The Art of Sales in the 21st Century
After a decade of being in the 21st century, no longer are the two departments of sales and marketing entirely separate. Although they still have two very different positions in a company, what they used to mean seemed very black and white, and now they’ve been thrown into the grey area to which most of us thought they belonged to anyhow.
For a long time, many of us have been unable to determine the difference between the two, simply because they are both involved in obtaining a customer. So what is the simple way to define them, in order to understand their roots?
Marketing can be defined as selling the idea of the product/service to a customer. Marketers are responsible for putting the company out there to the customer so the customers know about it. Sales, or Consultants and Agents in sales departments, pick up at the next point of the workflow to actually interact directly with the customer. Knowing about it is one thing, but we can’t market every aspect of the product, and that’s what a Sales Agent has always been for. We are able to see the customer interacting with the physicality of the product or service because there’s a human entity attached to it.
But what is happening in the 21st century to these two departments? How are they inevitably coming together, yet remaining the same?
Marketing and Sales Today
Before, with small markets and limited access to information, customers were brand loyal because they had to be. The role of marketing was small, normally a one-man show, with several salespersons to then pick up afterwards. Sometimes we didn’t even need a marketing department, because the advertising didn’t take up enough time for one person to do a full time job.
Now, marketing has more platforms available to them beyond simple advertising, but this also means that customers have more options open to them for finding the products and services they truly want, and together we have created a system of extra needs. Because there are so many competitors for what we’re marketing, we can’t sell it unless we create a need for the customer beyond their necessities that takes into account their individual wants.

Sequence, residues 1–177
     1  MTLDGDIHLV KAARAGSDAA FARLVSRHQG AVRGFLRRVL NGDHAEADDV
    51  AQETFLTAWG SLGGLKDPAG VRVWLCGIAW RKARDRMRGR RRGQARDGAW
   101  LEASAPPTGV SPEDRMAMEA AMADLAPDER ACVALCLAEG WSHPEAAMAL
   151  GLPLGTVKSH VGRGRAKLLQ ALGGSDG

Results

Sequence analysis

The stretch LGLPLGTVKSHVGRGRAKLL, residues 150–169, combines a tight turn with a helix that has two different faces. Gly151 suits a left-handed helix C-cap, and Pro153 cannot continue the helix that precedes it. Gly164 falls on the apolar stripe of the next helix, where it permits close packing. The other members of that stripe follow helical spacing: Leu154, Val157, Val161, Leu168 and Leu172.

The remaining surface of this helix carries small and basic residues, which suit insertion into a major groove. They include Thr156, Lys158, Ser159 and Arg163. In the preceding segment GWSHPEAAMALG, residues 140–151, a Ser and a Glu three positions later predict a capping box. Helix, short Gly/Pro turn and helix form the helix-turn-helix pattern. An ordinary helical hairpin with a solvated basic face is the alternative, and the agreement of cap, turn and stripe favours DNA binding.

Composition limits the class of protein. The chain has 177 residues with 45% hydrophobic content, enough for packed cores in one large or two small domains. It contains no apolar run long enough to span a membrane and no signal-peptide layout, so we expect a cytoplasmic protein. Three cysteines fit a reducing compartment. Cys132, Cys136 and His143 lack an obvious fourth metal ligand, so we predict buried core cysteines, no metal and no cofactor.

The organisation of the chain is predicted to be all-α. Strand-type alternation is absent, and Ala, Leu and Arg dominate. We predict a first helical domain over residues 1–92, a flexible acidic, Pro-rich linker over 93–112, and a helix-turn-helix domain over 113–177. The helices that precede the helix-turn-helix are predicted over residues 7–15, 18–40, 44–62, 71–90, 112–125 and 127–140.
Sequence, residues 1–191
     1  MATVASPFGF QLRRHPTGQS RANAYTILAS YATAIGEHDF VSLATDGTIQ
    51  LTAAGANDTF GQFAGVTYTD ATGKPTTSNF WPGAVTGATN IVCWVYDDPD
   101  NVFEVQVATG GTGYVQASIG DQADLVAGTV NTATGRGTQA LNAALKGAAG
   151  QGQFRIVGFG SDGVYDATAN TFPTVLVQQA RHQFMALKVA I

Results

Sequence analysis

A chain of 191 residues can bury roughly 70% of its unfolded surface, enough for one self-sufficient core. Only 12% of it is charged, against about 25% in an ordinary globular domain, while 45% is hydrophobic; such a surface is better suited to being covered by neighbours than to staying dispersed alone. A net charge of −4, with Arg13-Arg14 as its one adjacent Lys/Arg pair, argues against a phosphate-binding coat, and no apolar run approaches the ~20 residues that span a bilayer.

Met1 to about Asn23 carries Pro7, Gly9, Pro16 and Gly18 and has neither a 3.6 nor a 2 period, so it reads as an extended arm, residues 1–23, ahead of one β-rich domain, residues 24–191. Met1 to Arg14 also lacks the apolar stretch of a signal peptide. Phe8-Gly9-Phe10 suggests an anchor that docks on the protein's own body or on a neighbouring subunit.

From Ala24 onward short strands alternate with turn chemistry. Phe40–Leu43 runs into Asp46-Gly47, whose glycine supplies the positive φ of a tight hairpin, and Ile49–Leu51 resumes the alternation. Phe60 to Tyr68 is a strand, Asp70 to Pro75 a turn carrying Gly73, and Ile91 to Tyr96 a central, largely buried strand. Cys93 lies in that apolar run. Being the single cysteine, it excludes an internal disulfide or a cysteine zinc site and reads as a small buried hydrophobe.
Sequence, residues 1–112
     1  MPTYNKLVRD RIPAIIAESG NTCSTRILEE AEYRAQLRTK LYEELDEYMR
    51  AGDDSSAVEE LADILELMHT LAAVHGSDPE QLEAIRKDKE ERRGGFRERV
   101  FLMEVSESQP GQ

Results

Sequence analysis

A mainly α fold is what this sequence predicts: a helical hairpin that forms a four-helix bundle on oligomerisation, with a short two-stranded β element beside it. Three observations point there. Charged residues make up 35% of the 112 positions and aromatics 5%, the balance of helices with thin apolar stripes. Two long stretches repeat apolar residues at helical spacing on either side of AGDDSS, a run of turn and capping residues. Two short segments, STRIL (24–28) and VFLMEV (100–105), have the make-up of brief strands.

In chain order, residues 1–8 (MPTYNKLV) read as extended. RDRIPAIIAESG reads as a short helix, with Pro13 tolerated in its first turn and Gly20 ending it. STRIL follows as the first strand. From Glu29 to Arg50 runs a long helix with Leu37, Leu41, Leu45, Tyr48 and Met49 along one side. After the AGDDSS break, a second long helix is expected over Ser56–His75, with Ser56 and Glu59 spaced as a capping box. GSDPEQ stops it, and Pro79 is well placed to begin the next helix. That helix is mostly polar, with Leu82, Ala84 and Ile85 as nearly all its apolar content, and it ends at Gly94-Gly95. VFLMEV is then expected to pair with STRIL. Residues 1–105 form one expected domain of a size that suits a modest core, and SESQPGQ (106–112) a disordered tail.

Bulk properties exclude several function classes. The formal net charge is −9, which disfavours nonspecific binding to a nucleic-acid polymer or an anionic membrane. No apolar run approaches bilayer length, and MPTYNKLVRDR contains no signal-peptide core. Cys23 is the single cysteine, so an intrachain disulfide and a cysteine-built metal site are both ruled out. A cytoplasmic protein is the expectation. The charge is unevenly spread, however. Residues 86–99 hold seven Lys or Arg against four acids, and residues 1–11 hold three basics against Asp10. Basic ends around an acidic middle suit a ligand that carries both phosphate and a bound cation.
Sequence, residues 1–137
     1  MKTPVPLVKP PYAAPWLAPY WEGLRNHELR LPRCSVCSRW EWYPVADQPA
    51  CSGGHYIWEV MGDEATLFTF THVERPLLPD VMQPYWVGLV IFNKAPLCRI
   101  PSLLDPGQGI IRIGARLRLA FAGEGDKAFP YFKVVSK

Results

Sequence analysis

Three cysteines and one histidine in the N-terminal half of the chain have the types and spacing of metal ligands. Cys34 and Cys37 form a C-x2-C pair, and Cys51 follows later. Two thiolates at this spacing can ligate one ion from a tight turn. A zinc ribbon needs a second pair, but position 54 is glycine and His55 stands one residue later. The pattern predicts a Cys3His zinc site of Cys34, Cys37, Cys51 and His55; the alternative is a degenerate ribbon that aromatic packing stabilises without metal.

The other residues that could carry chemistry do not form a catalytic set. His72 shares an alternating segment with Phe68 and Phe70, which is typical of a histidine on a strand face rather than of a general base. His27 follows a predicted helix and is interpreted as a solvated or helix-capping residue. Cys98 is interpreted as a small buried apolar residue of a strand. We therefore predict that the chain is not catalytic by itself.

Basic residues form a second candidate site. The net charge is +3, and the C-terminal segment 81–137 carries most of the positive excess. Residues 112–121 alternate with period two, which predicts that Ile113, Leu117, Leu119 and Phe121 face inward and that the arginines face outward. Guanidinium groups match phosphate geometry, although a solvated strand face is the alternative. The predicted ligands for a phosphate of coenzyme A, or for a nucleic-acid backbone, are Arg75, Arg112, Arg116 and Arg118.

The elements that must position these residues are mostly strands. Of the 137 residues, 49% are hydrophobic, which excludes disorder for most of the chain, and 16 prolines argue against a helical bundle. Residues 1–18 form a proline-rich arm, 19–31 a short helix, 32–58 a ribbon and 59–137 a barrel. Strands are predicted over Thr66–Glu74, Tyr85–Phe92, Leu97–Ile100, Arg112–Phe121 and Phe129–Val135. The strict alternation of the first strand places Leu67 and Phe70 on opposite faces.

The problem arises when one small, or large reason, causes a customer to switch brands to another company simply because their information has become more accessible, therefore trustworthy.
From this, the job of a marketer is not just to sell the idea of a product or service as complimenting your needs, but the experience of it as unattainable, everlasting, and unmatched. You want it because you have been told you need it, and you need it because no one else has it. So are needs and wants the same thing? At the risk of confusing the reader, I will clarify.
Customer A. wants to buy a new window because theirs is drafty.
Customer B. wants to buy a new window because theirs is drafty.
Customer A. finds an advertisement for windows that include a lifetime warranty, and continues on to look at the company website. Once on there, they become engaged with a Live Chat Agent, the next step in the marketing chain, who doesn’t take into account their individual situation, so the customer leaves.
Customer B. also finds an advertisement for windows that include a lifetime warranty, and continues on to look at the company website. Once on there, they become engaged with a Live Chat Agent, the next step in the marketing chain, who takes into account their situation and recommends the best product to them. In this encounter, the act of marketing itself has become a service the customer truly needed in order to be passed on to the next step in the chain, namely the Sales Consultant.
If there was a Customer C in this scenario, we could further subdivide the scenario with a customer who purchases from the company because the Sales Agent listened to their needs and wants and found a suitable product for them, and Customer B did not receive this. As you can see, every step of the way is now a service in and of itself that leads up to the final product. Taken as a whole, the experienc eof marketing and sales is complicated, taking into account the customer’s needs AND wants.